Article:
Although he isn’t quite a household name in the same way as George Soros or Ray Dalio might be, there can’t be a single person in the investment industry that doesn’t know who David Tepper is.
As the founder of Appaloosa Management, Tepper has made vast fortunes by investing in ‘distressed’ companies, and in 2012, he was (according to Institutional Investor magazine) the highest-earning hedge fund manager in the world with a $2.2 billion paycheck.
Born in 1957 into a middle-class Jewish family in Pittsburgh, Pennsylvania, Tepper was raised by his accountant father and schoolteacher mother along with his two siblings. After excelling at school, he paid his own way through a bachelor’s degree in economics at the University of Pittsburgh by working in the Frick Fine Arts Library, and graduated with honours.
It was while at university that Tepper made his first forays into trading the markets, with his father giving him his first two investments, which were in Pennsylvania Engineering Co. and Career Academies, the latter of which went bankrupt. Perhaps it was this early experience that led to his interest in making money out of companies that are in trouble – which was to be his hallmark as a trader, and would later make him a fortune.
Upon graduating from Pittsburgh, Tepper went straight off to work in the finance industry, landing a role as a credit analyst in the treasury department of Equibank. However, he soon grew unsatisfied with his position and his hopes of advancement, and left in 1980 to study for an MBA at Carnegie Mellon University. Two years later, with MBA in hand, Tepper went off to work in the treasury department of Republic Steel in Ohio.
From here on in, there was literally no stopping the upwards career trajectory of the talented young financier. In 1984 he landed a role with Keystone Mutual Funds in Boston, and just one year later he was recruited by investment banking giant Goldman Sachs in New York, which was in the process of forming its high yield group.
Starting out as a credit analyst, Tepper’s undoubted talent for dealing in distressed securities saw him promoted to head trader on the high-yield desk within just six months. He stayed there for eight years, racking up huge profits for the bank by focusing on bankruptcies and other special situations, and cementing his reputation as one of the shrewdest traders on Wall Street. By the time he left Goldman in 1992, he was considered to be one of the foremost authorities on the topic of distressed securities, and formed his own hedge fund management firm, Appaloosa Management, in early 1993.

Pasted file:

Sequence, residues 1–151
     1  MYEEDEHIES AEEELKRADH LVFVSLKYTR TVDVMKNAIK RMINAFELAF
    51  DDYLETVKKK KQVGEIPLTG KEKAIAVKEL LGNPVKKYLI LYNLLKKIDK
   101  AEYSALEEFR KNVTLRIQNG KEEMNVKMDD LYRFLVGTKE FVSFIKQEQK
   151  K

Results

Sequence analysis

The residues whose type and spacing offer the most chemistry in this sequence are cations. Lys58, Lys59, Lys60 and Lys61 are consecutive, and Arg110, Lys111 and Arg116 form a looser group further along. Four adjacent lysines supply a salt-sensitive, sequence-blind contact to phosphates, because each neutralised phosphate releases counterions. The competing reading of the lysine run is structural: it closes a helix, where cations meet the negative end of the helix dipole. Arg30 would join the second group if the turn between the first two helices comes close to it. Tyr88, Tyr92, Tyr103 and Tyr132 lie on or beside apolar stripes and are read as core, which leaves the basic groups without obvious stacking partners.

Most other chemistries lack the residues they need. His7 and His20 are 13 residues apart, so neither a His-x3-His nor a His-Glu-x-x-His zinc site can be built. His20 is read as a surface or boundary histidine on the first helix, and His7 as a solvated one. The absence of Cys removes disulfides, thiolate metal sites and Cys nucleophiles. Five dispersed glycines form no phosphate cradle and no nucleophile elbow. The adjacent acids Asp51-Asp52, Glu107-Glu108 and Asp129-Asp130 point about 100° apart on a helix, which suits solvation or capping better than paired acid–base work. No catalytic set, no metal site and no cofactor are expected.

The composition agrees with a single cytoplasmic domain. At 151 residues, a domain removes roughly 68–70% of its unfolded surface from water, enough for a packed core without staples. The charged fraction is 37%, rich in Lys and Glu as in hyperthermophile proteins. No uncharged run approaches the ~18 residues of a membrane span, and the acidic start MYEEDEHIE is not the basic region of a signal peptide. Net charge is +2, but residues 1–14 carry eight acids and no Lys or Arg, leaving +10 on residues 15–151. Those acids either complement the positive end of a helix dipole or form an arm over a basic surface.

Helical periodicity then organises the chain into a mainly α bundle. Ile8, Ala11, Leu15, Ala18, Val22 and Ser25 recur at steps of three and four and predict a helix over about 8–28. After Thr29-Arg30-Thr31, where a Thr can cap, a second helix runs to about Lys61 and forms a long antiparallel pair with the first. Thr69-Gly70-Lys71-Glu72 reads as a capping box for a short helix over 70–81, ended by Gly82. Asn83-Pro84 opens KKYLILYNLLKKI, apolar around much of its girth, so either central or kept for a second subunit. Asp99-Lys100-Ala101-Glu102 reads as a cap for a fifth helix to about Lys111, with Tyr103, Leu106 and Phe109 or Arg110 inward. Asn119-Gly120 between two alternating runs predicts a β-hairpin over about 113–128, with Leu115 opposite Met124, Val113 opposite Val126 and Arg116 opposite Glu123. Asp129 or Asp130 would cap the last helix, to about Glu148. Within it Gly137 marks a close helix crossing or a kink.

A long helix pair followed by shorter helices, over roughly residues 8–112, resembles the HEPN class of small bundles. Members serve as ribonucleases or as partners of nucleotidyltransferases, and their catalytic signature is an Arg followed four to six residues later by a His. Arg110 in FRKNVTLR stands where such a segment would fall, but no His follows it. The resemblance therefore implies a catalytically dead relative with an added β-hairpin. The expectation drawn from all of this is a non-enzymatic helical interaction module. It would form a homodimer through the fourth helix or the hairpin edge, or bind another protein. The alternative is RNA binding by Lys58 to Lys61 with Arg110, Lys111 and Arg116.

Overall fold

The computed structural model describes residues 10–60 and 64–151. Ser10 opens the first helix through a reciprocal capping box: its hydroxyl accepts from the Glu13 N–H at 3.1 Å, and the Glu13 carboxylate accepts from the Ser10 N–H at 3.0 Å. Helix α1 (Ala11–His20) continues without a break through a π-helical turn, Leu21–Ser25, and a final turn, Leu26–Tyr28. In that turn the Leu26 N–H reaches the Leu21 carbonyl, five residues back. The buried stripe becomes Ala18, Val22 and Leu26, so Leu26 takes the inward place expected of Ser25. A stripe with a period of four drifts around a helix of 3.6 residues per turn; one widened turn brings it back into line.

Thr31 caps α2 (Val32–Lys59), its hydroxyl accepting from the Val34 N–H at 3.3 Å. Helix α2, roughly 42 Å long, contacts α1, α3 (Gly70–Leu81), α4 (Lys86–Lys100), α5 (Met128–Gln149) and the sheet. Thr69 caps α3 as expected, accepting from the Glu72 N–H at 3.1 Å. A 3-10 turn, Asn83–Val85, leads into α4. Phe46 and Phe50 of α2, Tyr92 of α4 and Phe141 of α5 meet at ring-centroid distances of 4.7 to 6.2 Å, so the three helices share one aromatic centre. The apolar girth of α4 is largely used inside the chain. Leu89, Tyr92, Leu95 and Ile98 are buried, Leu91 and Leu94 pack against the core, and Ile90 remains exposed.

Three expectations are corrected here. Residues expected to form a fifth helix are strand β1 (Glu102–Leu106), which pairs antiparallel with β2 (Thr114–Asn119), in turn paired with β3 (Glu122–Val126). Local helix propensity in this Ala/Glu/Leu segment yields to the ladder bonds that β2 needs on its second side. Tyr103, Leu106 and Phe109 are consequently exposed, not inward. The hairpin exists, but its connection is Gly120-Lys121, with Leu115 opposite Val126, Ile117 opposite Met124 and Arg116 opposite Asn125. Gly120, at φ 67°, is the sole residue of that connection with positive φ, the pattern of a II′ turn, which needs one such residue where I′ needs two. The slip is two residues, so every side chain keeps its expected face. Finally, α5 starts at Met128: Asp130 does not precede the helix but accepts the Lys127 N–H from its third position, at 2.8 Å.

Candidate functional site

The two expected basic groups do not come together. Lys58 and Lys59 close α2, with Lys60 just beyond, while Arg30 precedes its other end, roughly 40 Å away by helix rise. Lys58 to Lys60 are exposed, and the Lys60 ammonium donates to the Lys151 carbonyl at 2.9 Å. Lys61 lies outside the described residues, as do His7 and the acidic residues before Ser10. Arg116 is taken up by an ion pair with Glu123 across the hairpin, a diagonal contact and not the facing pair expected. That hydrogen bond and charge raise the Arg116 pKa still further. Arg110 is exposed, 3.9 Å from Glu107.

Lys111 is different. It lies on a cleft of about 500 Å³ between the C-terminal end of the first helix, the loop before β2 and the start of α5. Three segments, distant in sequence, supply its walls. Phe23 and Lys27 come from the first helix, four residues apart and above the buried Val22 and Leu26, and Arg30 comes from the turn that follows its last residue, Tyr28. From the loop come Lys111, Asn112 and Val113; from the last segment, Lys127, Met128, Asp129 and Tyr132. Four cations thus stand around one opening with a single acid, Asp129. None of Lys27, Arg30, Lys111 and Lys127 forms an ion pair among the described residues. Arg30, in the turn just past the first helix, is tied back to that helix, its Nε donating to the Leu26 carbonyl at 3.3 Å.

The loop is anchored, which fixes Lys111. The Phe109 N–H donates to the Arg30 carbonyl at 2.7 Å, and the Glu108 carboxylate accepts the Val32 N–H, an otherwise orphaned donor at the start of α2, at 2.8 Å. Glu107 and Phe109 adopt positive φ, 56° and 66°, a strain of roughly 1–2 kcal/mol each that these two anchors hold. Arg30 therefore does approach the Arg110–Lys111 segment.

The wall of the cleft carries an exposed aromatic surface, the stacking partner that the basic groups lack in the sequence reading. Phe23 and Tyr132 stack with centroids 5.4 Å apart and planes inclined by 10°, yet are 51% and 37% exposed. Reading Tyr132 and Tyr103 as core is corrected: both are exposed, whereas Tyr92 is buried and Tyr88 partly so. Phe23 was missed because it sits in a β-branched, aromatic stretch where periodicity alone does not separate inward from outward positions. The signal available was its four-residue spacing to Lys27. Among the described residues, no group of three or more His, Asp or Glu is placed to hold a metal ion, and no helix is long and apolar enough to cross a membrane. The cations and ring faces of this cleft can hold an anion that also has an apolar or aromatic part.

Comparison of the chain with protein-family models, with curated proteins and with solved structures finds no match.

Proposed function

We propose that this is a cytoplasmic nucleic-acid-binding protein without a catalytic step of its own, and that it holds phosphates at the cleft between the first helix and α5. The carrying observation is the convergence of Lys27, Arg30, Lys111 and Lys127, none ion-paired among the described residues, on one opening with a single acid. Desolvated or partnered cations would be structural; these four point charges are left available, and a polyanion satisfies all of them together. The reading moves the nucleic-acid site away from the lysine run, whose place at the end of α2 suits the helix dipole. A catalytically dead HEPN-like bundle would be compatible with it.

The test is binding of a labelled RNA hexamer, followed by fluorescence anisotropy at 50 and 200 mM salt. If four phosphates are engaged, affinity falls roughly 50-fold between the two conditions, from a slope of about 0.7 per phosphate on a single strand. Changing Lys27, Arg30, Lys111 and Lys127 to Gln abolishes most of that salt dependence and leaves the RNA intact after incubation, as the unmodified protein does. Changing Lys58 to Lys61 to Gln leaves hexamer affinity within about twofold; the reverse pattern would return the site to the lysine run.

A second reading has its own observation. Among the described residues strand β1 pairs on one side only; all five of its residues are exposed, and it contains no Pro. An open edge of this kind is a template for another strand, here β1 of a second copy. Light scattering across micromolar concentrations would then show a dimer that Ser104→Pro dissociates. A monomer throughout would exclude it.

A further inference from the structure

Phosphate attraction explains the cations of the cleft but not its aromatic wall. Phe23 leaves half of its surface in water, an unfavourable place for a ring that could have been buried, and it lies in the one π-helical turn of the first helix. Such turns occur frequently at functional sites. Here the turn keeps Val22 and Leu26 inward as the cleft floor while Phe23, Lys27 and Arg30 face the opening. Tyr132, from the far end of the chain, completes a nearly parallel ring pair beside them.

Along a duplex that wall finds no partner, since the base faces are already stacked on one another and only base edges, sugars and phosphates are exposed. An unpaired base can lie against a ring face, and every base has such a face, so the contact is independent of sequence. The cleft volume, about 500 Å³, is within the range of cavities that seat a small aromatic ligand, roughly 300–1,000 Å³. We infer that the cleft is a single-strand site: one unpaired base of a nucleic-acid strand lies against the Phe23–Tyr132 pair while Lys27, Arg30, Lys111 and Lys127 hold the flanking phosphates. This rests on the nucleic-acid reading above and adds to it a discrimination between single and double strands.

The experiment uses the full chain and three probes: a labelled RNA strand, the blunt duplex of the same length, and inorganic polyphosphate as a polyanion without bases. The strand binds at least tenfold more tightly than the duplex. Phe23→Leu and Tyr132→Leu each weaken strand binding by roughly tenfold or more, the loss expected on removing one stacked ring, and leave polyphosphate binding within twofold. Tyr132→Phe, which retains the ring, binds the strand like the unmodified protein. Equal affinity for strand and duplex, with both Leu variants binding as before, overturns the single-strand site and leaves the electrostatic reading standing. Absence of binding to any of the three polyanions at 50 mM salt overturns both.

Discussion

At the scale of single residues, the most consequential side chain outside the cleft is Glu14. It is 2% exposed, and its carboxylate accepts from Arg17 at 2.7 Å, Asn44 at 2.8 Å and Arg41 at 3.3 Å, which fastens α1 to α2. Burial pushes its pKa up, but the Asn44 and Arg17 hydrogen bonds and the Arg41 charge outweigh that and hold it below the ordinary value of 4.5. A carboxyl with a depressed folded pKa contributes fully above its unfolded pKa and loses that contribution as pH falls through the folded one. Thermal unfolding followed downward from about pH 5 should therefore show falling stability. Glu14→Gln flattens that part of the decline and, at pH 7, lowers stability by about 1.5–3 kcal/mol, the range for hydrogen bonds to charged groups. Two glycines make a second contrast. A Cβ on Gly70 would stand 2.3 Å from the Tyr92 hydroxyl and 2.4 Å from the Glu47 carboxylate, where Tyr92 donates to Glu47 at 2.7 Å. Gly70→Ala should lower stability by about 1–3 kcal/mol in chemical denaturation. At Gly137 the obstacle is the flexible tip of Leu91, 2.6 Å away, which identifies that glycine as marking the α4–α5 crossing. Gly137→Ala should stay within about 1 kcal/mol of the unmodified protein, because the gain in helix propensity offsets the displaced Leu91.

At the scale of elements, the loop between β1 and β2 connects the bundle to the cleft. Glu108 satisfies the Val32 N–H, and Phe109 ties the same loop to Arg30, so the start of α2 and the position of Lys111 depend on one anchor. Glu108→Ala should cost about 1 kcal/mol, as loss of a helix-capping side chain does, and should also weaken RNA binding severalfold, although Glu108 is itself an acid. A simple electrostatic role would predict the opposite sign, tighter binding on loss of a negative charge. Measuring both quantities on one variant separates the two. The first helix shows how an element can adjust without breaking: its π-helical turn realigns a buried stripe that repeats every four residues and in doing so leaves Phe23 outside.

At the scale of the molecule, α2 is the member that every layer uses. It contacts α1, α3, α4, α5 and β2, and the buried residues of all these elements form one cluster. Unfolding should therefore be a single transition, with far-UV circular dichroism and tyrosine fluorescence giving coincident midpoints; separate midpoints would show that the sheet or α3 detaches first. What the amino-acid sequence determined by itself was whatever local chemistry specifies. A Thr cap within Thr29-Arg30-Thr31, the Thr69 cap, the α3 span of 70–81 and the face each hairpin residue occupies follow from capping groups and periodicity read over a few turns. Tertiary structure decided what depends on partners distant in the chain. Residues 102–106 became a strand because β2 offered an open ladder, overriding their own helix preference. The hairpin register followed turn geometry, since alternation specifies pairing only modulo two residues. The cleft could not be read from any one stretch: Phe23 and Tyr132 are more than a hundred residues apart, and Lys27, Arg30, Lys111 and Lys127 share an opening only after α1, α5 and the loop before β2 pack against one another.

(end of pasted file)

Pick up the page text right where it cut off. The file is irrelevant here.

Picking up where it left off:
Tepper’s uncanny knack of spotting profit opportunities in securities that the market is running scared from has since proved to be a huge asset to himself and the investors in his fund. Back in 2001, he made a staggering 61% annual profit by focusing on distressed bonds, although he changed tack in 2005 by deciding to focus on stocks in the S&P 500.
In his own words, he generates his remarkably consistent profits by “investing in the diciest of companies,” such as Mirant, MCI, Conseco and Marconi, keeping the market “on edge”.
While the financial crisis was to prove the undoing of many fund managers, it presented an unprecedented opportunity for a distressed investment vulture like Tepper. In 2009 alone, Tepper’s hedge-fund earned about $7 billion by buying distressed financial stocks in February and March (including Bank of America common stock at $3 per share), and selling them on at a massive profit when those stocks recovered later in the year. That year, Tepper was the highest-earning hedge fund manager according to the New York Times, and this was not to be the last of such accolades, being awarded Institutional Hedge Fund Firm of the Year in 2011 and the top hedge fund earner of 2012 by Forbes magazine.
Outside of the financial markets, Tepper has a keen interest in sport, and coaches his children’s baseball, softball, and soccer teams as well as owning a 5% stake in the Pittsburgh Steelers. He is also actively involved in charity work in the New York and New Jersey area, and donated $55 million to his old alma mater, Carnegie Mellon University, who renamed their business school as the Tepper School of Business in recognition. He later donated a further $67 million to develop the Tepper Quadrangle on the north campus, which will include a new Tepper School of Business facility and a welcome center.
He has also dabbled in politics, forming the political action group “Better Education For Kids” in 2012. The aim of this organisation is to push for more charter schools, the end of teacher ‘tenure’ which is thought by some to be crippling the public school system, and legislation that will allow private companies to take over failing public schools. To this end, he also contributed to the 2013 Jersey City Mayoral campaign of Steve Fulop, who chimes with his views on educational reform.